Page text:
Hogan, Olivo and the Marketing of Jazz Singers


SWEET INVITATION / JACQUET-MUNDY-STILLMAN: Don’tcha Go ‘Way Mad. RODGERS-HART: Falling in Love With Love. VAN HEUSEN-BURKE: Here’s That Rainy Day. BERLIN: I Got Lost in His Arms. KAPER-WEBSTER: Invitation. LAWRENCE-TINTURIN: I’m Just Foolin’ Myself. COMDEN-GREEN-DAVIS: What a Way to Go. MANILOW-MERCER: When October Goes. COLEMAN-McCARTHY: Why Try to Change Me Now? / Beverley Church Hogan, voc; John Proulx, pno/arr; Bob Sheppard, sax; Grant Geissman, gtr; Lyman Medeiros, bs; Clayton Cameron, Dean Koba, dm; Kevin Winard, perc / Café Pacific Records CPCD 7060


DAY BY DAY / STORDAHL-WESTON-CAHN: Day By Day. DOMINO-BARTHOLOMEW: I’m Walkin’ JONES-KAHN: It Had to Be You. ORTLANI-OLIVERO: More. STYNE-CAHN: Time After Time. ARLEN-HARBURG-ROSE: It’s Only a Paper Moon.* RUIZ-GIMBEL: Sway. AUSTIN-BERGERE: How Come You Do Me Like You Do? KAEMPFERT-GABLER: L.O.V.E. Bacharach-david: This Guy’s in Love With You. H. CONNICK JR.: Come By Me. VAN HEUSEN-CAHN: All the Way / Dan Olivo, voc; Jamelle Adisa, tpt; Garrett Smith, tb; Kyle O’Donnell, t-sax/fl; Joe Bagg, pno/Hammond B3 org; Ian Robbins, gtr; Lyman Medeiros, bs/uke/*voc & arr; Kevin Winard, dm/perc; *Renée Myara Cibelli, voc / Ava Maria Records AMR 5316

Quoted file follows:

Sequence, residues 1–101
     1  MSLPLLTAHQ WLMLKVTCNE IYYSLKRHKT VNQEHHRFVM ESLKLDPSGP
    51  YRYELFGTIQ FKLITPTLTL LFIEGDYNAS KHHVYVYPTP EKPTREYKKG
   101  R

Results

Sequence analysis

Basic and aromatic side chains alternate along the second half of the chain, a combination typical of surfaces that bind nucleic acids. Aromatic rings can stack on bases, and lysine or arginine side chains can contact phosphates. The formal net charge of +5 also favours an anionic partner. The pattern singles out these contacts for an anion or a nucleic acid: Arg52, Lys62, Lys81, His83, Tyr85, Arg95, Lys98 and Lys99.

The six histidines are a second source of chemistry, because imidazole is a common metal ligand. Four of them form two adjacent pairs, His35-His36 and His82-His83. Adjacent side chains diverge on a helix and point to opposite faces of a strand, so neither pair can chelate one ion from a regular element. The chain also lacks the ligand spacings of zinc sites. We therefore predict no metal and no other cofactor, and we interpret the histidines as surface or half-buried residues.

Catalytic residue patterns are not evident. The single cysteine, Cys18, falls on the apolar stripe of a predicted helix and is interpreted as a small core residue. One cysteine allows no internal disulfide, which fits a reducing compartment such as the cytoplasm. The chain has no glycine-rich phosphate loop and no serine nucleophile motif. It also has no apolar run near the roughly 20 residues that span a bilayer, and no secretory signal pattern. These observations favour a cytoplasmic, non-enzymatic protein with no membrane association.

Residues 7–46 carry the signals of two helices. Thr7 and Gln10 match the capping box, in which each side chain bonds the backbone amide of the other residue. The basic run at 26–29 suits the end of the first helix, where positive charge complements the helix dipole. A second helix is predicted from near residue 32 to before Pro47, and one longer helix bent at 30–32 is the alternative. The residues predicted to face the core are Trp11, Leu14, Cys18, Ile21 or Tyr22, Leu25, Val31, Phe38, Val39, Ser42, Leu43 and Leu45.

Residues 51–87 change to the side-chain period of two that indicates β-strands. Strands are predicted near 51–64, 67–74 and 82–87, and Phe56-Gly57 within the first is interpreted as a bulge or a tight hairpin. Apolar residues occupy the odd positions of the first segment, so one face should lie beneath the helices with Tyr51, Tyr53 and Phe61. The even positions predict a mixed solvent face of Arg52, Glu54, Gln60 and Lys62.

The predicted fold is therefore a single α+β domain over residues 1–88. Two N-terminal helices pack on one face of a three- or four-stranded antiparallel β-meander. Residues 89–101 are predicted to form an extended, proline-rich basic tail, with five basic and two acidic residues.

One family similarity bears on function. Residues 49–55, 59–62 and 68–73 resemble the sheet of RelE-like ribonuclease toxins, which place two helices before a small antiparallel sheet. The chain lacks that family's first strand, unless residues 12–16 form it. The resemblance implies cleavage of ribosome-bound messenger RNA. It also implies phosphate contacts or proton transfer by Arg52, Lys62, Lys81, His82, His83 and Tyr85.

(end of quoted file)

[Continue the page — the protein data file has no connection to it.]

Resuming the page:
This review is going to be different from most of those I write, because in addition to assessing the talent and level of performance exhibited on these CDs, I am also going to talk a bit about marketing.

Here we have two excellent jazz singers who, in an earlier era, might have been marketed very differently from the way they are presented here. When I first looked at the front cover of Beverley Church Hogan’s CD, the first thing I said to myself was, “No way am I reviewing this. She looks like your typical breathy, no-talent lounge singer who thinks she’s ‘jazzy’ because she sings with a ‘come hither’ whisper in her voice.” Thus when I put the record on and listened to it, I was stunned. Hogan not only has a rich, well-controlled voice, but also swings and sings with a great deal of nuance. She is, in the vernacular of the old day, as Real Jazz Chick, the kind of singer one would put in a category with Cheryl Bentyne or Maureen McGovern.

Moreover—and this is really going to floor you as it floored me—she’s 86 years old. WHAT?!? ARE YOU SERIOUS??!!? Yep, that’s what it says in the promo sheet accompanying this release. Eighty-six. Which means that she was born in 1936. If you know this when listening to the recording, really closely, you can hear a few signs—not many—of the age in the voice. I couldn’t believe it myself at first, but then I thought of Sheila Jordan and how fresh her voice sounded in her 80s, and I conceded the point.

Hogan’s singing is subtle. At her age, she’s clearly not going to belt it out like Ella Fitzgerald (who could still deliver in her 70s), but as I say, she’s a surprisingly hip singer. More of a contralto than a soprano, Hogan clearly knows what she’s doing, and she does it well.